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The Poem as Translation–Leah Goldberg’s “About Myself”

May 29th, 2010by Haim Watzman · 3 Comments · Culture and Ideas

Haim Watzman

It’s always easy to tear a translation apart, and the easiest kind of translation to tear apart is poetry. Vladimir Nabokov, who lived multilingually and thought a lot about translation, was one of the best, and funniest, critics of other people’s renditions of Russian classics into English—as can be seen now in his ”Art of Translation”, a article from 1941 available on The New Republic’s website.

But Nabokov’s translation of Pushkin, which he mentions working on in this piece, didn’t come off so well, because he got overly concerned about following rules he set for himself. Any translation of a poem has to give up on entire swathes of what makes the verse intriguing and worth reading in the original, but it can’t work on any level if it doesn’t stand as a poem on its own terms. But to do that, as Nabokov notes, the translator needs to see the world, as best he can, through the poet’s eyes.

A mistake of that sort came up in an evening on the classic Israeli poet Leah Goldberg that I attended last week. A lecturer read the first section of a poem called “About Myself,” which I offer in my own inadequate translation here:

About Myself
Leah Goldberg
My seasons are etched in my verse
As a tree’s are in its rings
As my years are in furrowed skin.

I have no hard words—
To hamper my visions.
My images
Are as clear as a church’s window.
Through them
One can see
The changes in the light outside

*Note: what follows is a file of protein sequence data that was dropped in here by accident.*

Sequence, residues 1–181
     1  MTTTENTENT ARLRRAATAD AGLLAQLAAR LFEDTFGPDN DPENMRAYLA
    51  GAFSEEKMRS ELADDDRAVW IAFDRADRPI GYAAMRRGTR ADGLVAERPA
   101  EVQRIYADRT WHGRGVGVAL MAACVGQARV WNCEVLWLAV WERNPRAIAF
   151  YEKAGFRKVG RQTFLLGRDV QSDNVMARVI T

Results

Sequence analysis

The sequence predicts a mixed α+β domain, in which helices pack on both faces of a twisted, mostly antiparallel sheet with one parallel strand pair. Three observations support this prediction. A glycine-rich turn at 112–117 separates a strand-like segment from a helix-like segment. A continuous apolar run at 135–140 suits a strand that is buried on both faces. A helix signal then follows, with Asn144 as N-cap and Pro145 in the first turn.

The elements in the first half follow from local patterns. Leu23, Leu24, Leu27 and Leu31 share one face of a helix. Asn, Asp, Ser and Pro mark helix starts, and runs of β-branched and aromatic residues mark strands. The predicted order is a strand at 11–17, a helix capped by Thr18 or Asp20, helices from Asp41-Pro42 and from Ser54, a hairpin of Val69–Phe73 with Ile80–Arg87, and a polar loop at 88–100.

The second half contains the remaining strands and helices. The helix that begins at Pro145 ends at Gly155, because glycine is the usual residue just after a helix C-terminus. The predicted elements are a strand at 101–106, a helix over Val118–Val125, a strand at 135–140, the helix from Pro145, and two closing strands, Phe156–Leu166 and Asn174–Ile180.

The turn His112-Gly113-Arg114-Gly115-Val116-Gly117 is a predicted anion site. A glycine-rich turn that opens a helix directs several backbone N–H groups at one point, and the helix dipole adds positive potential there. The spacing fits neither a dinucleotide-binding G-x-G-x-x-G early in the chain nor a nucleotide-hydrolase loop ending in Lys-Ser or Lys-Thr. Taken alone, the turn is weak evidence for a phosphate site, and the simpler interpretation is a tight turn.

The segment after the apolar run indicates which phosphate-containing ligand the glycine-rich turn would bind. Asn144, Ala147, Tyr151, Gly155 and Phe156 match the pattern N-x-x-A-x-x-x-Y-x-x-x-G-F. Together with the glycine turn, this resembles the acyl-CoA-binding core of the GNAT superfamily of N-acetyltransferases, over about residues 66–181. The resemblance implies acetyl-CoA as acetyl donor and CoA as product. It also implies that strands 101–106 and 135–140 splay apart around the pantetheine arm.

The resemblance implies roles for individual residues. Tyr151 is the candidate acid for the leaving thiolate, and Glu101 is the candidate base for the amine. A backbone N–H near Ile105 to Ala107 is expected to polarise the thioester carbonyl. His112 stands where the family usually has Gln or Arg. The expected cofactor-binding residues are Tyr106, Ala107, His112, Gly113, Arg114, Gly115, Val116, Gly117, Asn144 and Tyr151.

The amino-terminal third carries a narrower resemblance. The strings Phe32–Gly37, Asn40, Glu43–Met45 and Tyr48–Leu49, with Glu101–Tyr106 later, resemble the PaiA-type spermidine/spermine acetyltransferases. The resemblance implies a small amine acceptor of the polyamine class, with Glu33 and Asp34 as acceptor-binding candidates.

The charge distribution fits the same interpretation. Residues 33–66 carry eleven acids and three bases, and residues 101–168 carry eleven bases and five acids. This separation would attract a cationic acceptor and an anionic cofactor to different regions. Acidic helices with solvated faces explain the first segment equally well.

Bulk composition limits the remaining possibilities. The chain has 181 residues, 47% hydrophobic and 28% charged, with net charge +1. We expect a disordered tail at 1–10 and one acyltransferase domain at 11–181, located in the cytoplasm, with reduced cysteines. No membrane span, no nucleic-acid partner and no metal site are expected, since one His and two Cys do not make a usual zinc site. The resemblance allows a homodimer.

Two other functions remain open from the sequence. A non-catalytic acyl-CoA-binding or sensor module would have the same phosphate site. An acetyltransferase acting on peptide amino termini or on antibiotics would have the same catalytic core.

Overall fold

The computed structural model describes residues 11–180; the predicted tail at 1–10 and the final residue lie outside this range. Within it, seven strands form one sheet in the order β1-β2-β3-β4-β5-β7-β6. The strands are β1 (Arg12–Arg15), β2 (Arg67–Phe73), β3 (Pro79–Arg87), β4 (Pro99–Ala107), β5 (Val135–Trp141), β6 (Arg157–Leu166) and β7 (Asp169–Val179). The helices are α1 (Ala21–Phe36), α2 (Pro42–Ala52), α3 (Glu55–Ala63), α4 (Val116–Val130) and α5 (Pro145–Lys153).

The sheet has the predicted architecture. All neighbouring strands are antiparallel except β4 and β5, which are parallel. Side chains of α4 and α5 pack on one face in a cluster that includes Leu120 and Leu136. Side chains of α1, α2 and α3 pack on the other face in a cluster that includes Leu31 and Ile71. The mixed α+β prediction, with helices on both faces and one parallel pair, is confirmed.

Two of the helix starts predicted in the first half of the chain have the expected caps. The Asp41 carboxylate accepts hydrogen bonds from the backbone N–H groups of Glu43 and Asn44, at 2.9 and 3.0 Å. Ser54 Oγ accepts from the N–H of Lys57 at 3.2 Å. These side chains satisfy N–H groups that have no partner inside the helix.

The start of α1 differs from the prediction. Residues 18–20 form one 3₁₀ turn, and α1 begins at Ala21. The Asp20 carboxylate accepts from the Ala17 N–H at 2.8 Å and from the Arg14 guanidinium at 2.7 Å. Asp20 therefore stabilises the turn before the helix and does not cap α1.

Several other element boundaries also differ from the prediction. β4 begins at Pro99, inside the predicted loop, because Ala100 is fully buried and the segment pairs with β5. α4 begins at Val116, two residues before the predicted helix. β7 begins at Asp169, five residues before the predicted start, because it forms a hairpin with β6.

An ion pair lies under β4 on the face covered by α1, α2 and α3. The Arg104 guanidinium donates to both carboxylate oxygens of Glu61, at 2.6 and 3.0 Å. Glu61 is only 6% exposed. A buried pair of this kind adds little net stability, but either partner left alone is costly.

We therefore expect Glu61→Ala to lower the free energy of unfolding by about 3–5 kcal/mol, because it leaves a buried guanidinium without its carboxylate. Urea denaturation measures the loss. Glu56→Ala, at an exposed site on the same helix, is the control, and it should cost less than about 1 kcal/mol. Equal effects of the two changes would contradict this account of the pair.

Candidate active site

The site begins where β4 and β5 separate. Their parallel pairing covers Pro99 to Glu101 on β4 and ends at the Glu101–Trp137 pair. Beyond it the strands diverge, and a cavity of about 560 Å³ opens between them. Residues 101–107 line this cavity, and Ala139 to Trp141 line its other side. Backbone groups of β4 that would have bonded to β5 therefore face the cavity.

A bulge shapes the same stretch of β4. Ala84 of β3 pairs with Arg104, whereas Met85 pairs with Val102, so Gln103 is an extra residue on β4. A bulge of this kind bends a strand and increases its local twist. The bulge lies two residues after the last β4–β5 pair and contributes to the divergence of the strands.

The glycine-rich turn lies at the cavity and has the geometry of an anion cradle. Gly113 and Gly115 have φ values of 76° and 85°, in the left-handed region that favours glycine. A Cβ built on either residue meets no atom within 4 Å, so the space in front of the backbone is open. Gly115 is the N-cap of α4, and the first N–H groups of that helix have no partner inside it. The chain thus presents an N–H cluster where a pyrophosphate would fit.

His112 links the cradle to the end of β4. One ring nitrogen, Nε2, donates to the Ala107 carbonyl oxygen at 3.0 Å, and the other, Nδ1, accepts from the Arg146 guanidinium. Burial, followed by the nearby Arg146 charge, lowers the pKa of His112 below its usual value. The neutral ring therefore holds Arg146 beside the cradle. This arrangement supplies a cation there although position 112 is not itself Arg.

How my loves
Like dead birds fall
From the sky.

The lecturer, Rachel Ofer, took the word “clear” literally; the poet stands inside a church and looks out through the window; she compares her poetry to a transparent window that allows the reader to read her metaphors unambiguously.

My guess is that Goldberg, who grew up in Lithuania, was thinking of stained-glass windows, or at least the heavy, thick kinds of windows one finds in old and venerable buildings. Such windows distort and color the light; you can’t, in fact, get a good idea of what’s going on outside if you look through them. Indeed, church architecture usually aims to focus your attention inside and not to allow outside distractions in.

If that’s correct, then Goldberg’s use of the word “clear” (shekufot in Hebrew, literally “transparent”) is ironic rather than declarative. The reader, then, stands within the church; Goldberg’s life is outside; the window is the poem, and through it the reader can get, despite the supposed clarity of the poet’s language, the reader can receive from the poem only the vaguest idea of the poet’s experience. It’s not even clear whether her lovers fall dead from the skies is the poet’s experience, or the reader’s distorted understanding of that experience. Even if the reader correctly sees the core of that experience, the horrible tragedy of the loss of all her loves gets translated by the window into the tranquility of the church interior. The reader only reads; he does not experience the true pain of loss.

The poem itself, then, is a failed translation. Even the clearest poem, Goldberg says, cannot truly convey meaning. Yet, ironically, Goldberg’s poem makes her point.

So perhaps there is hope for translation, and poetry, after all.

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